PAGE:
«У меня есть» or «я имею»?

by Don  

Previously we discussed how the «у меня есть» construction can be equivalent to a I have construction, and we also discussed иметь, which means “to own, possess.” But if you look up иметь in some dictionaries, sometimes you will find something like this:

have /hæv/ n.: 1. иметь;

This sometimes leads to confusion: when can you use иметь for have, and when does that not work? Here are couple of rules of thumb:

1. When you want to know whether someone has a particular item on them at a particular moment, then you cannot use the иметь construction, you must use a variation of the есть construction:

У тебя есть ручка? Мне надо записать телефон. Do you have a pen? I need to write down a telephone number.
У тебя нет ручки? Do you happen to have a pen [on you]?
У тебя не будет ручки? Would you happen to have a pen [on you]?

(See this post for a discussion of the use of не in polite requests.)

2. When you want to know whether someone owns something, both the есть and the иметь construction are theoretically possible. Both are grammatical:

У вас есть машина?
Вы имеете машину?
Do you own a car?

The normal way to ask the question is «У вас есть машина?»¹ But if you want a verb that is vastly more formal or emphatic, say when a lawyer is interviewing a suspicious client, then you might hear «Вы имеете машину?»²

3. There are dozens of phrases where иметь bears the tense of the sentence but the noun that follows it in the accusative case bears most of the meaning. For instance:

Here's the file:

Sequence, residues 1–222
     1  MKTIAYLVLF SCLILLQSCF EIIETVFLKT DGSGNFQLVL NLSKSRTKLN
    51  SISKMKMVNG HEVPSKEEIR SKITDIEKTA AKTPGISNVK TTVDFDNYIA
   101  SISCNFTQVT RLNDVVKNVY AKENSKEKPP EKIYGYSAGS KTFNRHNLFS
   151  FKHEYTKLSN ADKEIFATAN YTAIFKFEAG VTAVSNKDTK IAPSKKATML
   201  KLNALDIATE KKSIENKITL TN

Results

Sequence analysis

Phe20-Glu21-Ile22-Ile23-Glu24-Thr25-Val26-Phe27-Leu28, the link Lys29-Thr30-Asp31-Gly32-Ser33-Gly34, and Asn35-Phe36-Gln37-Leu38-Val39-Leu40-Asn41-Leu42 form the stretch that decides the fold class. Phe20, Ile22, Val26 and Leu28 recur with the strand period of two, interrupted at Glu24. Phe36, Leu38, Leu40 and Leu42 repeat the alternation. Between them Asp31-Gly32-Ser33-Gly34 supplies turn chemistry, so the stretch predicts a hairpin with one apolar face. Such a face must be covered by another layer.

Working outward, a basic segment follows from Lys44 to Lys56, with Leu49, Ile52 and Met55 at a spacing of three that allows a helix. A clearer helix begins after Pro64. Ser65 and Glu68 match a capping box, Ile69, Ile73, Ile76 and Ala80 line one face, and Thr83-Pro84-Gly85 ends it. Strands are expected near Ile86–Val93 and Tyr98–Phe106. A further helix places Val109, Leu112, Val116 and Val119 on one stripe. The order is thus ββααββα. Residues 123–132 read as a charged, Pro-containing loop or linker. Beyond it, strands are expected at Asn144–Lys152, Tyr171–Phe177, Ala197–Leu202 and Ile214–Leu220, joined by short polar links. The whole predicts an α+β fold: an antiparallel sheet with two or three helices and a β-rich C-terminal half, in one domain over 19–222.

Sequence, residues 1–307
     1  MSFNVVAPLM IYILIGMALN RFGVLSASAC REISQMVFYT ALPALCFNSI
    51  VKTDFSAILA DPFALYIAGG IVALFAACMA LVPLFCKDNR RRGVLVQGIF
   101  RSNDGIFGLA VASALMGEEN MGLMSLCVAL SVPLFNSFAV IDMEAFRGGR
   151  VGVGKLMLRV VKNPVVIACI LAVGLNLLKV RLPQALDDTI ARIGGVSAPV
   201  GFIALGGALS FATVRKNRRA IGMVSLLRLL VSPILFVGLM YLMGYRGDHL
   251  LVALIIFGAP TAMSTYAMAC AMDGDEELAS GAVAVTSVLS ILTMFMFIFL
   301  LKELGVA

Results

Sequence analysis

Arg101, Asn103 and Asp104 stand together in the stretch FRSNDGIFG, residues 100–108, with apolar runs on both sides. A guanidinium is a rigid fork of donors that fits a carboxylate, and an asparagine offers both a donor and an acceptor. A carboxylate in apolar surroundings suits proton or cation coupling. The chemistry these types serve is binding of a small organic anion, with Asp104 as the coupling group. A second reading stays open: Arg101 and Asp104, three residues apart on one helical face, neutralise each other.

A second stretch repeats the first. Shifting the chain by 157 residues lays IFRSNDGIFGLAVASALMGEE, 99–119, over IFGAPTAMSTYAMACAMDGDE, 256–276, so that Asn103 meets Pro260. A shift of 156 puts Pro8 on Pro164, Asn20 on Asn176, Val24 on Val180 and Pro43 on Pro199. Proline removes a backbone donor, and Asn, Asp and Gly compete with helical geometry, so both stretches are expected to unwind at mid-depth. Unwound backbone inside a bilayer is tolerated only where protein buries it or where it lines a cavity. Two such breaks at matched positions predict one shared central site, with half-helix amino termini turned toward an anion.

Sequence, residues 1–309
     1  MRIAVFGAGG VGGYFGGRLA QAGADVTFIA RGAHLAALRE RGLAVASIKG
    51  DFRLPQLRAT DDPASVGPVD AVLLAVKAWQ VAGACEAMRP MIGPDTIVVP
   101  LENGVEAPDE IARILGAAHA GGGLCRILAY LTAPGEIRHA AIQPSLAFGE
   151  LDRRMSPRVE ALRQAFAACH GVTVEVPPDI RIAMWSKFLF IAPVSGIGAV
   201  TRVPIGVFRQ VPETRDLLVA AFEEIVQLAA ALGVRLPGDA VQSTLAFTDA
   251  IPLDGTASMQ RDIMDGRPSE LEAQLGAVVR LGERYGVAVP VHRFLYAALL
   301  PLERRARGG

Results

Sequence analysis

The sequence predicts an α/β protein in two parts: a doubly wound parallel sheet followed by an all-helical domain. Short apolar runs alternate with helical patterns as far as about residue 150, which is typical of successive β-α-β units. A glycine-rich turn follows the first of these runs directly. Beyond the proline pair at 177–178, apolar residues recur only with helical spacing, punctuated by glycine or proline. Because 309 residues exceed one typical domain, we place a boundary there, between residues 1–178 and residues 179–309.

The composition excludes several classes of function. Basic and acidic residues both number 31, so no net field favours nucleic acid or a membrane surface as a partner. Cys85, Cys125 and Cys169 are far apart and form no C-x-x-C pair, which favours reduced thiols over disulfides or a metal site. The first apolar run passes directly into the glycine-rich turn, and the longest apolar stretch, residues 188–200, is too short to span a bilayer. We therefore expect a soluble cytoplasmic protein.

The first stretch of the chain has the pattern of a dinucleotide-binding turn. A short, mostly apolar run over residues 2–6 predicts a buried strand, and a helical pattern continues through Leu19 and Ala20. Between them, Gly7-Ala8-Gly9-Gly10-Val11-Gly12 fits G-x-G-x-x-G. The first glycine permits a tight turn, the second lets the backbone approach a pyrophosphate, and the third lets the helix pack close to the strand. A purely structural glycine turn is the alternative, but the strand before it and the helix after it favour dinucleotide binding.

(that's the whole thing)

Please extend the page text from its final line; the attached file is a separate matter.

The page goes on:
иметь значение to mean something
(lit. to have meaning)
иметь смысл to make sense
(lit. to have sense)
иметь место to have a place
иметь в виду to have/bear/keep in mind
(lit. to have in view)
иметь возможность to have the opportunity

There are lots of phrases like this. Here are some examples:

— Почему ты меня покинула? Я ведь подарил тебе цветы!
— Это не имеет значения. Ты ведь украл у моей мамы тридцать тысяч рублей.
“Why did you leave me? I mean, I gave you flowers!”
“That doesn't mean anything. After all, you stole thirty thousand rubles from my mother.”
— Хочу примириться с Дарьей. Может, я ей куплю цветы?
— Это имеет смысл.
“I want to make up with Darya. Maybe I should buy her some flowers?”
“That makes sense.”
Не ругайся матом. Такие слова здесь не имеют места. Don't cuss. That kind of language doesn't belong here.
Имей в виду, что цветы не решат все проблемы с Дарьей. Надо бы и поподлизываться. Bear in mind that flowers won't solve all your problems with Darya. You're going to have to kiss up to her as well.
Ты когда-нибудь имел возможность ходить на концерт Леди Гаги? Have you ever had the opportunity to go to a Lady Gaga concert?

¹ Bear in mind that the question «У вас есть машина?» is ambiguous. It can mean either “Do you own a car?” or “Do you have a car [at your disposal today]?”

² Bear in mind that «Вы имеете машину?» can only mean “Do you own a car?”, not “Do you have a car [at your disposal today]?” Thus if you want to be perfectly clear that you are asking about ownership, then can use иметь, but it will have either a vastly more formal or more emphatic sense than “у кого” phrases.


Comment from: Tim Perrin [Visitor]

Иметь место also means “to take place".

06/03/10 @ 02:45
Comment from: Ivan Skalauh [Visitor]

Also, nowadays the word “иметь” can be translated as “to have sex with". While “Вы имеете машину?” is a correct sentence, a Russian wouldn’t use it as it sounds like “Do you have sex with a car?”

But regarding immaterial objects, the word is widely used (иметь возможность, иметь значение и т.п.)

03/01/10 @ 03:17
Comment from: Tim [Visitor]

In addition to what you’ve said, as far as I know, иметь applies more to the abstract. Such as “иметь право.”

Although I guess it’s an imperfect rule, because you could also say у меня есть склонность к, or “I have a tendency/affinity/predisposition to.”

Not sure what to make of it.

02/02/10 @ 01:19

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